It’s been about a month since Star Wars: The Force Awakens was released, and I’ve seen the movie twice now. You may recall that after the first viewing, I was pretty impressed. After the second viewing, I noticed some of the more nitty-gritty plot problems, but my preoccupation with those things faded after a couple of days. Now, even weeks later, I find myself smiling even at passing thoughts of scenes from The Force Awakens. The last time I can remember a movie making me this happy was when I saw A New Hope for the first time.
Let’s go back in time. It was April 2002, I was in fourth grade, and I was vomiting uncontrollably. Sorry for the grossing you out, but it’s important to the story. I, obviously, had to stay home from school, and my dad stayed home with me. I remember lying on the couch, absolutely miserable, when my dad turned on Turner Classic Movie channel. A New Hope just happened to be on. Seeing the sands of Tatooine and the Mos Eisley Cantina for the first time is burned into my brain (or maybe that was the fever, I don’t know), but immediately, I was smitten. It was like a switch had been flipped. I was a Star Wars person now.
Serendipitously, a few months later a new family moved into a house on our cul-de-sac that had a daughter my age who also happened to be obsessed with Star Wars. Our friendship was quickly cemented by our shared, over the top nerd passion. I was in deep. I didn’t just watch the movies and own lightsaber toys. I read the expanded universe novels. I dressed up as a Jedi for Halloween (and my dad was Darth Vader). In the sixth grade, my friends and I made our own original Star Wars home movies (and I am hoping against hope that those tapes are rotting in a dumpster somewhere, never to see the light of day).
Now, back to the present. If I take a critical look at why The Force Awakens brings me so much joy, it really all comes down to one element: Rey. In fact, a few days after I went to the midnight showing with my dad, I was thinking about Rey piloting the Millennium Falcon with Chewbacca and I found myself crying. I was crying because I realized how freaking important it would have been to me if I had been able to see someone like Rey in a big blockbuster movie when I was ten years old. Sure, Leia was a stone cold badass leader, but she wasn’t exactly the hero of the original trilogy. It would have been awesome to dress up as Rey for Halloween instead of having to mine the Expanded Universe for a character or settle for being “some random female Jedi.”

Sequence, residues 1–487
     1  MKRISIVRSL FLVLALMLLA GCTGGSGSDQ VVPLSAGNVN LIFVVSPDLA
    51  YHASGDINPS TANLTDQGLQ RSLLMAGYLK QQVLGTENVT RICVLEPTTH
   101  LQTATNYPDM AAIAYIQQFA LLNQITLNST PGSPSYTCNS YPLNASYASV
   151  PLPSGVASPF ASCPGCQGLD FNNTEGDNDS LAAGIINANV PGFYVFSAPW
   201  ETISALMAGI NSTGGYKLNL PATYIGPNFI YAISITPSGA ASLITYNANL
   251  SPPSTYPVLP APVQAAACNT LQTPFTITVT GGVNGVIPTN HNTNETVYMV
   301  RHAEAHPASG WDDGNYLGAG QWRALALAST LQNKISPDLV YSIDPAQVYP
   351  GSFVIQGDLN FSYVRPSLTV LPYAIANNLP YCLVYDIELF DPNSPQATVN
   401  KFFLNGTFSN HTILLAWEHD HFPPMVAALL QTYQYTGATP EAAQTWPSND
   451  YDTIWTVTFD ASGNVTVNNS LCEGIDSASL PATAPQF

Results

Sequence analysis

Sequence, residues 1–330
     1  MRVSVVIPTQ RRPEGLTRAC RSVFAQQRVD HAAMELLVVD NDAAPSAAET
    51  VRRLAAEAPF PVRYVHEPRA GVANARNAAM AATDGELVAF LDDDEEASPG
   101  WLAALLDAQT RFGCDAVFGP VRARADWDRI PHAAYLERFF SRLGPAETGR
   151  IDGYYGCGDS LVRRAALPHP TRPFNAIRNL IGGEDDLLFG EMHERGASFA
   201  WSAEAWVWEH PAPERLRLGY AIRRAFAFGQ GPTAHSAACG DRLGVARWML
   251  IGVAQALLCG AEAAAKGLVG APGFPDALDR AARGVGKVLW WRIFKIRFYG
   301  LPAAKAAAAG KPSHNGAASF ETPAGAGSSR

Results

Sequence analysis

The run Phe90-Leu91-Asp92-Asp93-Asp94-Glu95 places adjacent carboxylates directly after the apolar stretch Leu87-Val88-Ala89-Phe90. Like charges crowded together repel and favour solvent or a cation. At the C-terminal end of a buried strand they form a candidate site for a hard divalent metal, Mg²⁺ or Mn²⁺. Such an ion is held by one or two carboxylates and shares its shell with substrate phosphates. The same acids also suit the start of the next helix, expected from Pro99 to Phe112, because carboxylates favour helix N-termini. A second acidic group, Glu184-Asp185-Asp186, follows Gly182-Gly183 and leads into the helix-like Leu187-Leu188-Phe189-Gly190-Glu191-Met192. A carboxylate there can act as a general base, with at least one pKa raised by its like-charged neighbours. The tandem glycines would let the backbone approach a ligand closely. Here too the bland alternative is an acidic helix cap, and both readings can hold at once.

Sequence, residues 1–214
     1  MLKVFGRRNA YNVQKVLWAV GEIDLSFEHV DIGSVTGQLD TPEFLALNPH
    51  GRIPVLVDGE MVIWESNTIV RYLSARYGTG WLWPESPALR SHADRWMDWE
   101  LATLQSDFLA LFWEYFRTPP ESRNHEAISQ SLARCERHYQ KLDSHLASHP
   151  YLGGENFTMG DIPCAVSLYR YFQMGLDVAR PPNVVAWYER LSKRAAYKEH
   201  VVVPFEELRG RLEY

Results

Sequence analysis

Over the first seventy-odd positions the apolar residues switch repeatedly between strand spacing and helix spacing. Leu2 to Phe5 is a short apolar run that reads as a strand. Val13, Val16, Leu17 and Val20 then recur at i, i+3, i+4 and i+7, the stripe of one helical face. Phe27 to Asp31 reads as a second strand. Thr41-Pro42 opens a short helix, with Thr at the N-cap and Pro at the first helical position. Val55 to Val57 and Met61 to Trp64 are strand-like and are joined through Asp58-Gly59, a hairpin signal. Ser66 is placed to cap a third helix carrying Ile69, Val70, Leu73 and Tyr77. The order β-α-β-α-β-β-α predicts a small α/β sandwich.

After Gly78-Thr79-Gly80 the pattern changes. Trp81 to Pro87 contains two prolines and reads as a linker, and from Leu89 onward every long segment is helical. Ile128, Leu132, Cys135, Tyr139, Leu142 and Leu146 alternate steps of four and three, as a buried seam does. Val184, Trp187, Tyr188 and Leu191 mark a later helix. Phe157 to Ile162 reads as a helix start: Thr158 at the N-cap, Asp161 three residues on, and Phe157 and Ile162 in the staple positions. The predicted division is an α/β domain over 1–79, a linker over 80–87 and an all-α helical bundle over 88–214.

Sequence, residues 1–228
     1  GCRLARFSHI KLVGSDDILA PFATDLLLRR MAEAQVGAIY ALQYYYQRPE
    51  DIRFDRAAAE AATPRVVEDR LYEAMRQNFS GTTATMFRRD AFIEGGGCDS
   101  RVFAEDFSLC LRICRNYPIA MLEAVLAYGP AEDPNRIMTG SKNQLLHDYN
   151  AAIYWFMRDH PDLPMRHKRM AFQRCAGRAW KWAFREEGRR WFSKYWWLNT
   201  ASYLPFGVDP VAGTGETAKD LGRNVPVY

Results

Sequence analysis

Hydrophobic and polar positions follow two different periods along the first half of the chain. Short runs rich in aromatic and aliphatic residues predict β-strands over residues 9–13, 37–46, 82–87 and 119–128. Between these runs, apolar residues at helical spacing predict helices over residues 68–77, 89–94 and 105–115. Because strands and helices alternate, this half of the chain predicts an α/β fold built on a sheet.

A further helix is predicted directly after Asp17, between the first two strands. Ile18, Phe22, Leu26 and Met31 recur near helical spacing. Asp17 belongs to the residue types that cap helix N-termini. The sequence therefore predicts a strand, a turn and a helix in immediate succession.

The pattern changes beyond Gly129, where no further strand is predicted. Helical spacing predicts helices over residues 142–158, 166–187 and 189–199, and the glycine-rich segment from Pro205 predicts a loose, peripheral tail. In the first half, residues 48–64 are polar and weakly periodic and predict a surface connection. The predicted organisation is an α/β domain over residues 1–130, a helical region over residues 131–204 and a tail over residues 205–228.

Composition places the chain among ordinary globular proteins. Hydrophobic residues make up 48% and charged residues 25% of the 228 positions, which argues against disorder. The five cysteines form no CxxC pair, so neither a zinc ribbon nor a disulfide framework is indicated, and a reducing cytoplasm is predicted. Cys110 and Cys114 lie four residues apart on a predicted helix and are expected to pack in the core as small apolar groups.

When I think about my fictional female role models growing up, I can come up with Hermione Granger, Nala from The Lion King, and a rotating cast of Disney princesses. I’m not saying that these characters don’t have merit, but none of them were action heros or had big, sweeping stories devoted to their development. We talk a lot about what it means to be a “strong female character” at Minerva, and I think the reason Rey is so successful is that she is a strong character who also happens to be female. The trials that she goes through are not gender-specific. This is actually where I think TFA’s similarities to the original trilogy come in handy — you get to see that neither Luke nor Rey succeed or fail because of their gender.
The movie doesn’t spend a great deal of time ostentatiously subverting gender stereotypes. Instead, it just sort of winks at the audience. The moment I was really sold on the movie was at the beginning when Rey tells Finn, “I know how to run without you holding my hand!” When Finn finally gets to be the knight in shining armor and goes to rescue Rey from Starkiller Base, the damsel in distress frees herself before he gets there. It’s girl power without shouting “GIRL POWER.”
Obviously, I think The Force Awakens is a fun movie and you should go see it if you haven’t already, but more importantly, I think this is an amazing movie for young girls. If you have a daughter, niece, or any sort of young woman in your life, I’d urge you to take them. It might be the boost they need.
Featured image via The Mary Sue.